10. Type: sel disk 0
  11. Press Enter
  12. Wait for the confirmation message: Disk 0 is now the selected disk.
  13. Type: list vol
  14. Press Enter
  15. diskpart will now show the full list of volumes available on your PC enter image description here
  16. Find the UEFI volume from the list. This usually has “BOOT” mentioned on the Label column, “System” on the Info column. The Fs column might FAT32 specified. For our example, in the next steps, our UEFI partition will be on Volume 2.
  17. Type: sel vol 2
  18. Press Enter
  19. Type: assign letter=G:
  20. Press Enter
  21. Wait for the confirmation message:
    DiskPart successfully assigned the drive letter or mount point.

  22. Type: exit

  23. Press Enter
  24. Type: cd /d G:\EFI\Microsoft\Boot\

    Where G: is the drive letter you’ve assigned to your UEFI partition a few steps back.

    If the \EFI\Microsoft\Boot\ folder doesn’t exist (the error message will be “The system cannot find the path specified”), you can run the same command on alternative paths:

    cd /d G:\Boot\

    or

    cd /d G:\ESD\Windows\EFI\Microsoft\Boot\

    Remember to replace G: with the UEFI’s partition letter.

  25. Type the bootrec command: bootrec /fixboot

  26. Press Enter
  27. For backup purposes, backup the BCD record of your computer like this: ren BCD BCD.bak
  28. Recreate the BCD using the bcdboot command: Bcdboot C:\Windows /l en-us /s x: /f ALL

    Where C:\ is the letter of the drive where Windows 8 or Windows 8.1 is installed on.

    The /l en-us parameter is used for localization: US. You can use ln /en-gb for UK localization.

  29. Press Enter

  30. You can also run this command too: bootrec /rebuildbcd
  31. Press Enter
  32. Type exit in Command Prompt
  33. Restart your computer
  34. Your Windows 8/8.1 should now boot again

source

  • Ok. Mistake I made was using CMD under Paragon HDM DVD.. Figured it had the MS basics.. Booted Win 8.1 DVD UEFI mode. Got it back with /fixboot + /rebuildcd and lo and behold during startup message.. Easus boot mode.. I was thinking. Hope it doesnt do something more. Thanks. My mistake to use an older Easus vs a newer Paragon HDM and I always do it via Boot DVD, rarely from within the OS, requiring reboots. Lets see if the recovered partition etc. brings all the WinRE stuff back? – Alex S Aug 13 '16 at 13:06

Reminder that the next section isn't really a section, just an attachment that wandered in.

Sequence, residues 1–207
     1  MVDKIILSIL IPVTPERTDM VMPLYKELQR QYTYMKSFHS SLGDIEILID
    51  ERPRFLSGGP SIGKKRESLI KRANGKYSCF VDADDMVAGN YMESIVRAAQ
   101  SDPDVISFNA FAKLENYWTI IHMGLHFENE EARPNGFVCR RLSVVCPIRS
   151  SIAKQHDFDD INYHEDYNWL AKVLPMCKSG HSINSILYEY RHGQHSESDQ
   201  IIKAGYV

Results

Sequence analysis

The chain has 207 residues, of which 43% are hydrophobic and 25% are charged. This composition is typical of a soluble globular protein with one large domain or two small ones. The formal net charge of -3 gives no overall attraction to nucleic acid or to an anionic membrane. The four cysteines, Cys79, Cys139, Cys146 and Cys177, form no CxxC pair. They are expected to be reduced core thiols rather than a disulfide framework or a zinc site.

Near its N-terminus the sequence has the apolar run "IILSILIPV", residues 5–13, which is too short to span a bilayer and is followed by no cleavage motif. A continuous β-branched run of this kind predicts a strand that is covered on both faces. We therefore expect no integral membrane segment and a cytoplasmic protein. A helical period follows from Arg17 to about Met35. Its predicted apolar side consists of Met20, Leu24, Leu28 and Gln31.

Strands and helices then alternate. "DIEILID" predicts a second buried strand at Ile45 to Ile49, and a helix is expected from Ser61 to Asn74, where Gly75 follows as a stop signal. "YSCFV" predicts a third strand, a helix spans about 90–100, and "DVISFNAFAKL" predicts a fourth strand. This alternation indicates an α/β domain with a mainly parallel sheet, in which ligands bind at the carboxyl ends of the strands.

• 1
    "If the UEFI partition on your computer doesn’t have a drive letter assigned, this may be the primary cause of your computer’s boot error." Would like to point out, this is not true. Windows and most other OS's keep the UEFI partition hidden to avoid anything trying to tamper with it. Therefore, if the UEFI partition doesn't have a drive letter, it shouldn't affect booting. However you need the UEFI partition to have a drive letter if you need to do more than basic debugging or custom setups etc etc. – Frostalf Aug 14 '16 at 3:54
  • 1
    @Frostalf I just took that part out of the referenced text I provided to satisfy your concern. Regardless, the ultimate goal is what it is with the applicable commands, etc. so whether or not that particular portion you pointed out is accurate or not is really irrelevant but I'm happy to take out that particular portion of this quoted answer for your specific concern with this regard... – Pimp Juice IT Aug 14 '16 at 6:38
2

First things first, you need to Launch repair computer from an install disc. Next you need to launch the command prompt

Run

booterec.exe /fixmbr

bootrec.exe /fixboot

and then you are going to want to run

bootrec.exe /rebuildbcd

These three commands should fix your problem.

Also, for next time you want to resize your partition's without much problems, download gparted. It downloads as an ISO and you use it to boot a linux live OS to use gparted. Its always wise to do disk manipulations like this while the drive is not in use as it reduces errors you might run into. Also I have used Diskparted before and it can make EFI partitions or is EFI aware.

  • Did the Startup Repair from DVD 3/4 times. Do not have DVD right now, but will run these as the next items. - Please take a look at updated information. PS: A bit spread out machines v/s my Net v/s DVDs so took a while to update. @Frostalf – Alex S Aug 12 '16 at 12:51
  • Given that the preinstall Win 8.1 was a UEFI (on a UEFI m/c), would FixMBR work fine even with a GPT disk? – Alex S Aug 12 '16 at 12:54
  • @AlexS Yes, even though its UEFI you still need to use it. FixMBR is to fix the bootloader, where as fixboot fixes the bootsector – Frostalf Aug 12 '16 at 13:04
  • Ok. Mistake I made was using CMD under Paragon HDM DVD.. Figured it had the MS basics.. Booted Win 8.1 DVD UEFI mode. Got it back with /fixboot + /rebuildcd and lo and behold during startup message.. Easus boot mode.. I was thinking. Hope it doesnt do something more. Thanks. My mistake to use an older Easus vs a newer Paragon HDM and I always do it via Boot DVD, rarely from within the OS, requiring reboots. Lets see if the recovered partition etc. brings all the WinRE stuff back? – Alex S Aug 13 '16 at 13:08